Update: Ballot mandates focus of recent ProComp Bargaining

 

ProComp Bargaining convened again on Thursday as the DCTA and DPS Bargaining Teams gathered to continue discussing the identified issues both sides agreed were key to creating and implementing a new compensation system for DCTA bargaining unit members. Thursday’s session focused on the creation of a steps-and-lanes salary schedule and how each part of the requirements of the ProComp Ballot language could, or could not fit into that model.

 

A steps-and-lanes salary schedule is the number one goal of DCTA’s ProComp Bargaining Team. This type of salary schedule is the similar to that used by Traditional Salary Schedule Teachers in DPS. Each step in that schedule is awarded based on years of service, and each lane awarded based on professional development and advanced degrees. Both of those result in a predictable and transparent increase to the base rate of pay for a teacher. Currently, ProComp teachers only use the salary schedule once — for initial salary-setting purposes. All increases to base are then earned through ProComp incentives. If the teacher does not jump through the ProComp hoops, the teacher does not receive these salary builders. The following are some highlights of the requirements of the ballot language discussed:

 

How do we meet the requirements of increasing teaching knowledge and teaching skills by successfully completing ProComp-approved advanced degrees, professional teaching standards, licenses and additional training?

 

Both teams discussed addressing this portion of the ballot language requirements through the potential implementation of the steps-and-lanes salary schedule. Teachers on the current Traditional Salary Scale have benefited from advanced degrees and professional development by moving lanes, resulting in an increased base salary. DCTA believes that a similar system should be used for teachers in ProComp, as well, rather than requiring ProComp teachers to do more work via the current PDU system to earn that increase.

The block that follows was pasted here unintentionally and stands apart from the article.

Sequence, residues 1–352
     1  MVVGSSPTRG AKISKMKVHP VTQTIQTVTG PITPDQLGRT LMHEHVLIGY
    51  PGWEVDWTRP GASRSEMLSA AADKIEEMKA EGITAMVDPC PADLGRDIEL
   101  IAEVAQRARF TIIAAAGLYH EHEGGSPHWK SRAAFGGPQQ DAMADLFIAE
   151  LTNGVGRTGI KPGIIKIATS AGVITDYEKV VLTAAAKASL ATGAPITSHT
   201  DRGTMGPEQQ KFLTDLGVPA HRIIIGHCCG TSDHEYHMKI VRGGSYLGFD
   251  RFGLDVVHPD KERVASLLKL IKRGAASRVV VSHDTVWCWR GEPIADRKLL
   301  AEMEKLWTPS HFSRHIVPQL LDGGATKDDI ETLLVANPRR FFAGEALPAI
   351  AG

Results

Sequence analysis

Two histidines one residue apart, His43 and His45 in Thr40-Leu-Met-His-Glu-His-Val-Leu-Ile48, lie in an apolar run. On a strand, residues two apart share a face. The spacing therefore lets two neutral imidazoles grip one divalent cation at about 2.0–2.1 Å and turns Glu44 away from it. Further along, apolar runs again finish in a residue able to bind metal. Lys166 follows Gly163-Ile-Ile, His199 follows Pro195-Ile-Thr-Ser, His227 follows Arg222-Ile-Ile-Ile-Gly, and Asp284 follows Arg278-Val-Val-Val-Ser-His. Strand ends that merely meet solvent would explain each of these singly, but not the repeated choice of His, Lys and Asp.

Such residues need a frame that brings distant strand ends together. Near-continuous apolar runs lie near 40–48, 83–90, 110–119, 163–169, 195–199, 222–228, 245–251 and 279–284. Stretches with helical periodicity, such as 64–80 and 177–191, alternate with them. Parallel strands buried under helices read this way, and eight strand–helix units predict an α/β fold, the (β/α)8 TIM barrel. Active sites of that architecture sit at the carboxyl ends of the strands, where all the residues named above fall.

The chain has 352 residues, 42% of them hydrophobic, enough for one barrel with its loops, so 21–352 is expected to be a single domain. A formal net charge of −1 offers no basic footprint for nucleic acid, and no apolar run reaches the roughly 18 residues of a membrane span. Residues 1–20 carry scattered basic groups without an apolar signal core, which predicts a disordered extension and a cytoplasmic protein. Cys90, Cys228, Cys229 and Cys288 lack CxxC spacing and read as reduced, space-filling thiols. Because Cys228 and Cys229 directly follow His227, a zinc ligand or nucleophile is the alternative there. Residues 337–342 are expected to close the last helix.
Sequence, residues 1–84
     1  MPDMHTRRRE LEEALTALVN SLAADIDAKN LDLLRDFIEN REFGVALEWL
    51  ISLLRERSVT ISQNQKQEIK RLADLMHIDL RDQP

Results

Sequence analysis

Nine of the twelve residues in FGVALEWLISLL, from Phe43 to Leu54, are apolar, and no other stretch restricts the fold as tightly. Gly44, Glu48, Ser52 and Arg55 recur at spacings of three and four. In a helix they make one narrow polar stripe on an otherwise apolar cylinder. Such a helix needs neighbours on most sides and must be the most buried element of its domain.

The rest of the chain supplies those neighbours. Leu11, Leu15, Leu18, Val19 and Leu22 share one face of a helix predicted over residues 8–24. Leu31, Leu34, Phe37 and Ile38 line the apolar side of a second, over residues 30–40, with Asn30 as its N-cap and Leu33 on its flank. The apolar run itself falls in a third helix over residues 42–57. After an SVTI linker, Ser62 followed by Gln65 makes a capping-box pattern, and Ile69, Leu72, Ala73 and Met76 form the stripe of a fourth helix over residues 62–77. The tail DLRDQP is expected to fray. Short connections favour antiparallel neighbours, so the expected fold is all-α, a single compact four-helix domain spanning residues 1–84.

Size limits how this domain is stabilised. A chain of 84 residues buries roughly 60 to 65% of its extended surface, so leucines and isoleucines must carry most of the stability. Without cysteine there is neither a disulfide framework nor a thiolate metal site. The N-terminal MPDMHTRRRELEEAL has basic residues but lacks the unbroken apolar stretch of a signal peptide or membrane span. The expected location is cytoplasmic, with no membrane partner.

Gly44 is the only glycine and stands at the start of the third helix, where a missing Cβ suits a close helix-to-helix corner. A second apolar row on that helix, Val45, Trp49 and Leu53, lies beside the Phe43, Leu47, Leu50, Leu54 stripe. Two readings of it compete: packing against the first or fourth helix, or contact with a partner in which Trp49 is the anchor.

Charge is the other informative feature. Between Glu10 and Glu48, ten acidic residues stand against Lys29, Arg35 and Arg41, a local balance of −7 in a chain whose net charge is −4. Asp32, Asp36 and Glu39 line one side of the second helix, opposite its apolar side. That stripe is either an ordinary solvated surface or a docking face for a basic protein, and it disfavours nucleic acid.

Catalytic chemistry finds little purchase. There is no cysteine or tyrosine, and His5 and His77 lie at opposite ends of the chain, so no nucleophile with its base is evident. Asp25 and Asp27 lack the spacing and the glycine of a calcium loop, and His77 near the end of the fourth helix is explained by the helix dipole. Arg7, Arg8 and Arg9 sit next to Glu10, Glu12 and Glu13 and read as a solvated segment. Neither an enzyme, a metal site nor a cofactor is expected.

While the district doesn’t view advanced degrees as impact on academic outcomes, teachers disagree. Teachers strongly believe that the additional education provides a tremendous benefit to their effectiveness in the classroom, enables high schools to provide concurrent college enrollment classes for students, and is a core value for educators.

 

How do we meet the requirement of positive evaluations of teaching performance?

 

In order to achieve this requirement, the two teams again discussed the idea of a steps-and-lanes salary schedule. The most talked about concept was the idea of teachers moving a step each year as long as they achieved an “Approaching” or better evaluation score, resulting in an increase to that teacher’s base rate of pay. This is the same system used for teachers on the current Traditional Salary Schedule.

 

How do we meet the requirements of achieving distinguished school status?

 

In an effort to fully fund a steps-and-lanes salary system in which all teachers could accrue as much base pay as possible, the two teams discussed moving the “distinguished school” status away from top performing/high growth and instead using other metrics. Many ideas were discussed on what that metric would be but no concrete decision was made.

 

The next ProComp Bargaining Session is scheduled for Monday, Dec. 18 from 5 p.m. to 9 p.m. at 1617 S. Acoma St. in Denver.